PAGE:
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“So you got that foundation story [in Hollywood Shuffle], but it goes into the whole set piece about Hollywood’s first ‘Black Acting School.’ Then it goes into the whole detective piece, and even the movie they’re actually shooting at the end is like a setpiece in itself. It’s really interesting how every phase of Shuffle opens up into this whole cinematic universe of its own . . . . Even The New Negroes is continuing the lineage from Hollywood Shuffle and I’m Gonna Git You Sucka to now.”
Hip hop artist and comedian Open Mike Eagle
Tracing the Influence of Robert Townsend’s Hollywood Shuffle with Open Eagle Mike by Erik Abriss
October 2018

The 1987 spoof Hollywood Shuffle might seem like an odd film to inspire a young Quentin Tarantino before he became an Oscar-winning writer and director, but when you step back it all makes sense. And Tarantino’s takeaway from Hollywood Shuffle may help you in your own writing.

The low-budget indie film Hollywood Shuffle (co-written by Townsend and Keenen Ivory Wayans) was a critical and commercial success and got good marketing buzz at the time by being self funded using credit cards. To use Ted Hope’s phrase that was the “Story behind the story” that helped build an audience. And back in the pre-digital days it was unheard of to make a feature using credit cards. (Though it’s still not a strategy I’d endorse, it paid off for Townsend who was already an accomplished actor.)

In episode three (“You’ll Be a Director Soon”) of the excellent three-part podcast Quentin Tarantino’s Feature Presentation Q&A with Amy Nicholson there’s this brief exchange:

AMY NICHOLSON : Was [Hollywood Shuffle] inspirational to you—that you can just make a thing?

QUENTIN TARANTINO: Yes, it was inspirational. But it wasn’t inspirational because of the movie he made. It was the inspiration involved in him making it. To me Hollywood Shuffle was inspirational for like the way he did it and also the way it could be done. What I mean by that is— to make a feature film from beginning to end on no money is something. 

Tarantino doesn’t consider his first film as is first film. Perhaps because it was never finished. (At least I don’t think it was.) But he does consider his four year effort to make My Best Friend’s Wedding as his film school. If my math is correct, Tarantino worked at Video Archives from 1985-1990 where he was a mini-celebrity for his vast film knowledge.

But he was a 9th grade drop out, only making $200 a week, and his life seemed to be going nowhere. In interviews he’s said that he got the itch to make a film two years into his job renting videos. Add two years to 1985 and you land on 1987 and the release of Hollywood Shuffle.

One takeaway from My Best Friend’s Wedding is a scene where his character talks about Elvis. That scene was recycled into his script True Romance which sold in 1990. In 1991 he went to the Sundance Labs to further develop his script Reservoir Dogs which in 1992 became his directorial debut. True Romance (1993) got made with Tony Scott directing and Christian Slater and Patrica  Arquette starring . Then Pulp Fiction was released in 1994 and he collected his first Oscar in 1995.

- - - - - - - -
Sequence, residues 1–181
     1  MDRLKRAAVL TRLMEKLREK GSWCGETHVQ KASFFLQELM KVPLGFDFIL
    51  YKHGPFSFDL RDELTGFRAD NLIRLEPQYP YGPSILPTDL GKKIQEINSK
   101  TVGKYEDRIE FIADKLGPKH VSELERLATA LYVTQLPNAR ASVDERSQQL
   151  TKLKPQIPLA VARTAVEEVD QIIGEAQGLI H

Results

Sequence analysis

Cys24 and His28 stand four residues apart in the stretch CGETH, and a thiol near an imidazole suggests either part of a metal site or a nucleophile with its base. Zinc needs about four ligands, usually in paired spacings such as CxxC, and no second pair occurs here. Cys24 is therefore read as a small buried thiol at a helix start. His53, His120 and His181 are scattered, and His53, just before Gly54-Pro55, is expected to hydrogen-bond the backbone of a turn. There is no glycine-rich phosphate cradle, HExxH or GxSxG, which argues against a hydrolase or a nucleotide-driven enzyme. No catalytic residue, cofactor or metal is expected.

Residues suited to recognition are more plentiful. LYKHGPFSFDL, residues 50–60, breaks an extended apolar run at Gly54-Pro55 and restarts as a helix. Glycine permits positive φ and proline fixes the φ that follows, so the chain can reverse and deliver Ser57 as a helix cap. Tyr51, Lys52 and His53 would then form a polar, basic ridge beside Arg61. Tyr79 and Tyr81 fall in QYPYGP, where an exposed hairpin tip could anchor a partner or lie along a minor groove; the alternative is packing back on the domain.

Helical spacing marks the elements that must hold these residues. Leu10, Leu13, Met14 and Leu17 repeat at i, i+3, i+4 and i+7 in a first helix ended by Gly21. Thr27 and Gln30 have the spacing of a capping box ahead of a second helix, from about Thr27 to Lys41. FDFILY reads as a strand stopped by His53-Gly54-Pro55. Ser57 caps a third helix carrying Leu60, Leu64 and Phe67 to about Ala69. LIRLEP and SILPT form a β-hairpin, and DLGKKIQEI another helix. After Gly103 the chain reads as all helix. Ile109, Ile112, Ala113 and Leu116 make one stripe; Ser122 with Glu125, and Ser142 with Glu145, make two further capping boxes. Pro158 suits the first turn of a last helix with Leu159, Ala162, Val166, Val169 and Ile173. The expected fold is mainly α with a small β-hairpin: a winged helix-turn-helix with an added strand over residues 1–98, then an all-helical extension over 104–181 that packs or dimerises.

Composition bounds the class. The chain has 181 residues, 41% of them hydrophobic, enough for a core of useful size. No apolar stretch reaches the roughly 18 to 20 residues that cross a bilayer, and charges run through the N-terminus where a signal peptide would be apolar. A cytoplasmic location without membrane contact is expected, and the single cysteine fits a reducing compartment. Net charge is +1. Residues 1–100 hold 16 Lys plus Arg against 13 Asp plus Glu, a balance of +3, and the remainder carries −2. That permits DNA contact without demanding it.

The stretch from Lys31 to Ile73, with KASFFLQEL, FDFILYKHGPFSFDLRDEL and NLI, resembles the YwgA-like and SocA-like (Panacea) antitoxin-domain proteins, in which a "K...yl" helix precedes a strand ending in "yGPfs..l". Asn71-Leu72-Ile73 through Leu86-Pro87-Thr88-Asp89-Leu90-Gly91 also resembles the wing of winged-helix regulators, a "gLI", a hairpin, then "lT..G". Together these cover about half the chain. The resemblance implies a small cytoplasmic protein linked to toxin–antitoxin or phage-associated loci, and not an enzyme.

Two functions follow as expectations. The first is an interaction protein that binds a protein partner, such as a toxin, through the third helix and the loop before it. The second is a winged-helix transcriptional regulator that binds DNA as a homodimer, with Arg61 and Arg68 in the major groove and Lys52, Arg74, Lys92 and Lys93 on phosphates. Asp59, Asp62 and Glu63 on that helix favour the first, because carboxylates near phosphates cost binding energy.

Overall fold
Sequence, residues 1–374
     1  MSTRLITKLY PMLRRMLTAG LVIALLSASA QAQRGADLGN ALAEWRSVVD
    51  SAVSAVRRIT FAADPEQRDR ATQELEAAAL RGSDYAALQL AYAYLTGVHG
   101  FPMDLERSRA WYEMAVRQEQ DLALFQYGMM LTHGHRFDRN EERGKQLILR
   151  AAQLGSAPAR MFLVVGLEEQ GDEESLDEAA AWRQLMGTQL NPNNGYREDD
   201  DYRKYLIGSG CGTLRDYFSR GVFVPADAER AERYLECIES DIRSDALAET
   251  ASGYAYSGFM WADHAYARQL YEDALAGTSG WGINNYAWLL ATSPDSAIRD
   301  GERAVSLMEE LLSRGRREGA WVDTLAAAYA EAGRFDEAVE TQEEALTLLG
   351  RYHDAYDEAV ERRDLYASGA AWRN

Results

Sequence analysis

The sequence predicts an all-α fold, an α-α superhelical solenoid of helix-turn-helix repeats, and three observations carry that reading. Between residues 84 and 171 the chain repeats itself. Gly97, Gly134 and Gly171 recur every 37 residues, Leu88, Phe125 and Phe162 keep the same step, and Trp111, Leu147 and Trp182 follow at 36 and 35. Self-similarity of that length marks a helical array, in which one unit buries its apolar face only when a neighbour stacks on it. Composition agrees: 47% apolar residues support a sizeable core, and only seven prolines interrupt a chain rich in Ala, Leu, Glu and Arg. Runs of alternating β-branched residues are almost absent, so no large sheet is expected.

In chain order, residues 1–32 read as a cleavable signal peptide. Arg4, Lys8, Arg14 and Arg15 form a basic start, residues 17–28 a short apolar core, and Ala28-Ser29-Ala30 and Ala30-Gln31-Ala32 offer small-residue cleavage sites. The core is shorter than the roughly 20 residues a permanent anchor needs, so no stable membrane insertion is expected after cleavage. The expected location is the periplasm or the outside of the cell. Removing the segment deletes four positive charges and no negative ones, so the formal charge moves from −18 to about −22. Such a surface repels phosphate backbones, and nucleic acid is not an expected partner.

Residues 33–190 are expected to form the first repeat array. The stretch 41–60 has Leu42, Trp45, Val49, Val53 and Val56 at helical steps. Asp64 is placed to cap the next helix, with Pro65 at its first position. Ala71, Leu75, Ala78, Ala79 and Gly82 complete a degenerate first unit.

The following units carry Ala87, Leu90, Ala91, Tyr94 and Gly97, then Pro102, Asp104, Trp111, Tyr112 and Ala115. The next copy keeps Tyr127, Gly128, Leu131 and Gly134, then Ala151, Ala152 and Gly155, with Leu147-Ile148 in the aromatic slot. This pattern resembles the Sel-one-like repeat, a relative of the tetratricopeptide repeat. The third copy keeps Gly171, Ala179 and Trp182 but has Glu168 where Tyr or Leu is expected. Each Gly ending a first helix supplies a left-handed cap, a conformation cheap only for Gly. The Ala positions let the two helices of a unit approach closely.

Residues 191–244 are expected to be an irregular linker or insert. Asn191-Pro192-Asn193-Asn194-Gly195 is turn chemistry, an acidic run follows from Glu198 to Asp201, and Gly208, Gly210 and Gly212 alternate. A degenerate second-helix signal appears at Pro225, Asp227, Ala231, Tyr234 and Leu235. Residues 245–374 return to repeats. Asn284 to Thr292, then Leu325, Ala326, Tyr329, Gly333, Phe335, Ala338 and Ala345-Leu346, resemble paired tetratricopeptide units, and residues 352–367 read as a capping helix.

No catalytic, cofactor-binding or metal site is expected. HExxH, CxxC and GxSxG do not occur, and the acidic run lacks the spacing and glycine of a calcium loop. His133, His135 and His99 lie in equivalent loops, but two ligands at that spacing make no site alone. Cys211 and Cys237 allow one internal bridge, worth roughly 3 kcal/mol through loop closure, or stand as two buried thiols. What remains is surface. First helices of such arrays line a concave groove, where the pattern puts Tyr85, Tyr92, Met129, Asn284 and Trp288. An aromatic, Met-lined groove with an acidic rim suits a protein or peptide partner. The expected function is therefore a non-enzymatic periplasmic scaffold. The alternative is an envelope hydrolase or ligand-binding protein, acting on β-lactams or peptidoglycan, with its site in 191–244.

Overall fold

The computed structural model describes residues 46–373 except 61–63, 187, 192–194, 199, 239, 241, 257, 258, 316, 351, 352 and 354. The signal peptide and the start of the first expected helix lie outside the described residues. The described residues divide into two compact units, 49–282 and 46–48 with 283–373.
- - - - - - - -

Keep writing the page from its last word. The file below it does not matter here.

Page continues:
Would all of that happened without Tarantino seeing Hollywood Shuffle in 1987? We’ll never know, but I imagine his talent and ambition would have found other ways rise to the top. But we do know that the black acting school sequence in Hollywood Shuffle did show him a different way to chunk out a movie.

“If you’ve got the kind of movie where you can do this sequence, and you can pour all your time and effort into this sequence, and then it’s done and you can go down for a little bit and then raise the money to do the next sequence—well, that’s different. That’s like you can do a few short films and you’ve figured out a way bring your short films together and turn it into a feature. Now you’re not just hanging and trying to tell this one story, you have these little mini-movies that you can do, and actually have a sense of accomplishment when you do them, and then you can pull them together.”
Quentin Tarantino on Hollywood Shuffle
Interview with Amy Nicholson

This is a technique that Tarantino is still using over 30 years after seeing Hollywood Shuffle. My favorite sequence in Once Upon a Time … in Hollywood is when Brad Pitt drives Margaret Qualley back to Spahn Ranch. My second favorite is Sharon Tate (Margot Robbie) going to Westwood to buy a book and catch a movie.

Go back and watch the first 20 minutes of Inglourious Basterds and you’ll see a sequence that is far from the Hollywood Shuffle in style and content but one that’s totally connected. That opening is a masterpiece of filmmaking and could have been its own mini-movie. (Indie filmmakers take note, that scene is essentially two actors and one glass of milk.)

Nicholson also points out to Tarantino in her interview with him that in Hollywood Shuffle they play with many styles—sitcoms, noirs, infomercials, actions movies, a slave movie, [you can also add satire and TV review spoof] and it reminded her that in Once Upon a Time … in Hollywood he also plays with many types of styles, genres, and skits.